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Video Transcript | Intro
Word-of-mouth recommendations from customers are considered more credible than traditional company-led advertising efforts. By encouraging engaged and loyal customers to become brand advocates, organizations gain a valuable channel for sharing positive brand sentiments with a larger community.
Brand Advocacy Components
Brand Advocacy programs should contain 4 components: Program goals, criteria for selection, a plan for onboarding, and finally, a plan for continued engagement.
First, set up the goals for your advocacy program. To do this, ask yourself how working with advocates will support social media and organizational objectives. For example if one of your business objectives is to increase hotel bookings, a supporting goal for the Advocacy program might be to leverage Advocates to get more high-quality referrals on social channels. You should also make a decision as to how many advocates your team is comfortable working with, remembering to prioritize quality over quantity. When deciding this, consider your resources and budget as well as where the target audience for your business resides.
Criteria for Potential Advocates
Once you’ve identified your program goals, create criteria to identify potential advocates. To do this, first ask yourself who you are trying to influence, and who your community and prospective customers trust. Then, utilize the 3 R’s – Relevance, Reach, and Resonance – to evaluate candidates.
The 3 R's
Relevance refers to the type of content a prospective advocate is sharing, and the type of following they currently have - both of which should be relevant to your industry and audience. Reach refers to the number of people they are able to reach through their social posts, and Resonance refers to the level of engagement they have with their audience.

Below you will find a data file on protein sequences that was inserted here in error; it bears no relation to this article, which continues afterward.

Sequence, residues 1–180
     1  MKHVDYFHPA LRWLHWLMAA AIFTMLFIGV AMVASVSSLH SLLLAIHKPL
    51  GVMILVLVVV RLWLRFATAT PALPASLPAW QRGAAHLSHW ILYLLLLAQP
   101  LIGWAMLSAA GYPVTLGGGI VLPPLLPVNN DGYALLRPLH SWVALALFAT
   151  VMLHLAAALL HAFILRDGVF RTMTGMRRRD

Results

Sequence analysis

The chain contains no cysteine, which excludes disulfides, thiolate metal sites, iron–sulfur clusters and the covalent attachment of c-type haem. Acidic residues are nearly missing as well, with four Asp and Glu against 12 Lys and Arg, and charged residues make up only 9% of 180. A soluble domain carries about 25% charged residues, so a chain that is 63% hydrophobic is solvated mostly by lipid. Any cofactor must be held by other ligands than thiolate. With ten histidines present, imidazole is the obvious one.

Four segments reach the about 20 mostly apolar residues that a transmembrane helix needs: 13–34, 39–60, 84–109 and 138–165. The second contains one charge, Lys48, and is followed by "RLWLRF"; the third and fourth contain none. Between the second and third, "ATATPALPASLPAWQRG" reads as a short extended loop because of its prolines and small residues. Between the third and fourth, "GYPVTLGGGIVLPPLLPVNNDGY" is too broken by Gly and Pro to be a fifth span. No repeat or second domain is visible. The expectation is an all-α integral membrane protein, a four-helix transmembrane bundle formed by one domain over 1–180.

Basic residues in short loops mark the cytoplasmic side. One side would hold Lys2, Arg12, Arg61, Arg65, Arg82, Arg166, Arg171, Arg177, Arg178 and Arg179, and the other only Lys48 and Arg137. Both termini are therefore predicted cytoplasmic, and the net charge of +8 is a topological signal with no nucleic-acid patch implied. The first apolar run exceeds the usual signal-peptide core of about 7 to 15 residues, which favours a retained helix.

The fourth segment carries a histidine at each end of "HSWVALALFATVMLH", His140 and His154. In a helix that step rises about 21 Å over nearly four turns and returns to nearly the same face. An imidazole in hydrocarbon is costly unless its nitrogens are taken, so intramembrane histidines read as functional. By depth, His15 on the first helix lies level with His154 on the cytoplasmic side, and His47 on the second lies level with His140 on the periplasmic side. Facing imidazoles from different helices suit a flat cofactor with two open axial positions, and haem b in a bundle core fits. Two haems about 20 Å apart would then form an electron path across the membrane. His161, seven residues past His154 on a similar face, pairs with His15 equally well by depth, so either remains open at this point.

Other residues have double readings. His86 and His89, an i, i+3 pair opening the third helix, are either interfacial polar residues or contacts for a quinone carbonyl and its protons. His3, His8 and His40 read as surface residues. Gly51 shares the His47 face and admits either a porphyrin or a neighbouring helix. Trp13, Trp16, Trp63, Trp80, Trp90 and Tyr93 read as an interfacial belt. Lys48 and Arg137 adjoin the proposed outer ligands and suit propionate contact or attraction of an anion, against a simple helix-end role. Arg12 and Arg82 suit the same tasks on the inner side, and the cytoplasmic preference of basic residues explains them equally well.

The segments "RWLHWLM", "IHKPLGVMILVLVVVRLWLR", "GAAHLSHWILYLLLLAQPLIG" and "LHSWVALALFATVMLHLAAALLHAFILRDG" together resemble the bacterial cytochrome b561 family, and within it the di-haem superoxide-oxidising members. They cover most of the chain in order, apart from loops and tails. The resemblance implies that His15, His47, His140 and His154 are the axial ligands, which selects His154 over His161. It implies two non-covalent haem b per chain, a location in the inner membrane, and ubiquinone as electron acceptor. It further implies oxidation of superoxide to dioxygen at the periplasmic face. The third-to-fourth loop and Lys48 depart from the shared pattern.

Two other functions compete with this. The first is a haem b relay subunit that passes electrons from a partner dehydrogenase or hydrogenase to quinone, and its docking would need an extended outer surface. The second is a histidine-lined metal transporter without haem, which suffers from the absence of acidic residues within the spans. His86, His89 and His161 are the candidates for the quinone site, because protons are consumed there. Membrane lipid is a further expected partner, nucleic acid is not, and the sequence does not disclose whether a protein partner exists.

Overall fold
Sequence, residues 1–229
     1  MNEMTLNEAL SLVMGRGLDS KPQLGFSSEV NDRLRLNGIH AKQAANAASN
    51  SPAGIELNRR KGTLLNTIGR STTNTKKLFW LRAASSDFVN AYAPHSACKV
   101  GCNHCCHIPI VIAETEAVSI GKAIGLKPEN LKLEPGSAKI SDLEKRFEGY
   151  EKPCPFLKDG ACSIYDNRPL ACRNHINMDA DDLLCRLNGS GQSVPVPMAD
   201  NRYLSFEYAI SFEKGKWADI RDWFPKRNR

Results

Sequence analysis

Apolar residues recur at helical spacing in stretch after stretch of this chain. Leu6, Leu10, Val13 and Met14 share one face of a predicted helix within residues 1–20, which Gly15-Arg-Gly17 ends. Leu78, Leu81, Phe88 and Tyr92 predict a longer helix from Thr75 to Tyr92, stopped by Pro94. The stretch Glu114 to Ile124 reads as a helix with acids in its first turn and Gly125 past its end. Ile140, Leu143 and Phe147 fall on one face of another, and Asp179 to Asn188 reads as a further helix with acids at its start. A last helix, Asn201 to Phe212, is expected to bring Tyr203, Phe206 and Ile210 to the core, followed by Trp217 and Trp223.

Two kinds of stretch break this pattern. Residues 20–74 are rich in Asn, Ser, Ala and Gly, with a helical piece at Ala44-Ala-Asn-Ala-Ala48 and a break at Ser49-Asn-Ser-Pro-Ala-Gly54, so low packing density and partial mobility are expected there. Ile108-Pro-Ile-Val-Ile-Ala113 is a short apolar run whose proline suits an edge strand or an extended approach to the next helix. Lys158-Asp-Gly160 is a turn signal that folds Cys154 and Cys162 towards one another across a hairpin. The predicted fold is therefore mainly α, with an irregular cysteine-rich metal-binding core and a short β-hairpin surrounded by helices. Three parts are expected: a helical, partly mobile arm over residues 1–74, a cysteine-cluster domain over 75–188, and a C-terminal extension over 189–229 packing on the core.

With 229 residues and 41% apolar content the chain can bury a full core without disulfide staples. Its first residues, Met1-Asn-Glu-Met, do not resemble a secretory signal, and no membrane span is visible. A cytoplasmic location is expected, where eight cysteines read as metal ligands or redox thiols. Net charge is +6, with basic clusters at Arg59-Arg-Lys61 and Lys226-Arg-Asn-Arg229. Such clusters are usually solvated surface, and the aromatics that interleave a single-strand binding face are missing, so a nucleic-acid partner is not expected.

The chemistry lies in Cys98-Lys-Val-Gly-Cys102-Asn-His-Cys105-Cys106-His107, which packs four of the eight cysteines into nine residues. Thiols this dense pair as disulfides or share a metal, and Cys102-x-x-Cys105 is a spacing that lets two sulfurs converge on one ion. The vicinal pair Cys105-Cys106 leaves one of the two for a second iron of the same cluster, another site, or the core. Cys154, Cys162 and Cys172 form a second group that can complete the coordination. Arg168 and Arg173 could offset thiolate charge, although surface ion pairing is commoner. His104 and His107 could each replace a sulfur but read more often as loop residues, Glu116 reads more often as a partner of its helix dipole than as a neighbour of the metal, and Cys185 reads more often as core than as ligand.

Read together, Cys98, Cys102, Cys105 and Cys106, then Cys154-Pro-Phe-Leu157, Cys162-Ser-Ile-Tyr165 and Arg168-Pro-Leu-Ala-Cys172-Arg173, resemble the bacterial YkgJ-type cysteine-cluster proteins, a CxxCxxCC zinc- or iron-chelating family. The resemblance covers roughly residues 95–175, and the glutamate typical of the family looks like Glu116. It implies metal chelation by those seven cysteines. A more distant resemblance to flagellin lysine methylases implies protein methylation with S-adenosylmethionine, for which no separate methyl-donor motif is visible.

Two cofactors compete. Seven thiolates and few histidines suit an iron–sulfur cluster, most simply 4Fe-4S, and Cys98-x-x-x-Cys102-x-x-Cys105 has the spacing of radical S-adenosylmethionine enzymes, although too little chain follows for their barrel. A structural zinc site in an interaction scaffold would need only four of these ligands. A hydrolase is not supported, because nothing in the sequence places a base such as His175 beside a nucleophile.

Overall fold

A good advocate should meet all these requirements, but there may be other, more specific things you’re looking for as well, like brand affinity. As a best practice, create a checklist of criteria that will make it easy to identify strong candidates.
Once a rapport has been established with a potential advocate, reach out to gauge their interest in your advocate program and, most importantly, express to them how a more formalized relationship could benefit them.
Interested advocates should be given an intake form to sign at the start of your partnership. This form should contain any terms and conditions of your working arrangement, as well as your advocate mission and any security/NDA requirements. You should also have advocates agree to receive email communication from you. Finally, use this intake form to highlight the mutual benefits your advocates should expect from their participation.
Keeping them Engaged
Once you’ve onboarded your advocates, focus on keeping and growing their commitment and cultivating their enthusiasm. At the start, check in periodically to make sure your new advocate is engaged and committed. 30, 60, and 90 day check ins are a good rhythm. When they’re comfortably onboarded into the program, find ways to keep their engagement, whether it be a monthly or quarterly newsletter, an online forum for advocates to connect with each other as well as your brand, or free and exclusive perks such as beta testing, recognition, partnerships, speaking opportunities, or invitations to conferences.
Remember that advocates are people too, so make sure that when you ask them to do things for you, they are tasks which are exciting and engaging for them!
Looking for more? Checkout our blog and learn how to build a brand advocacy program!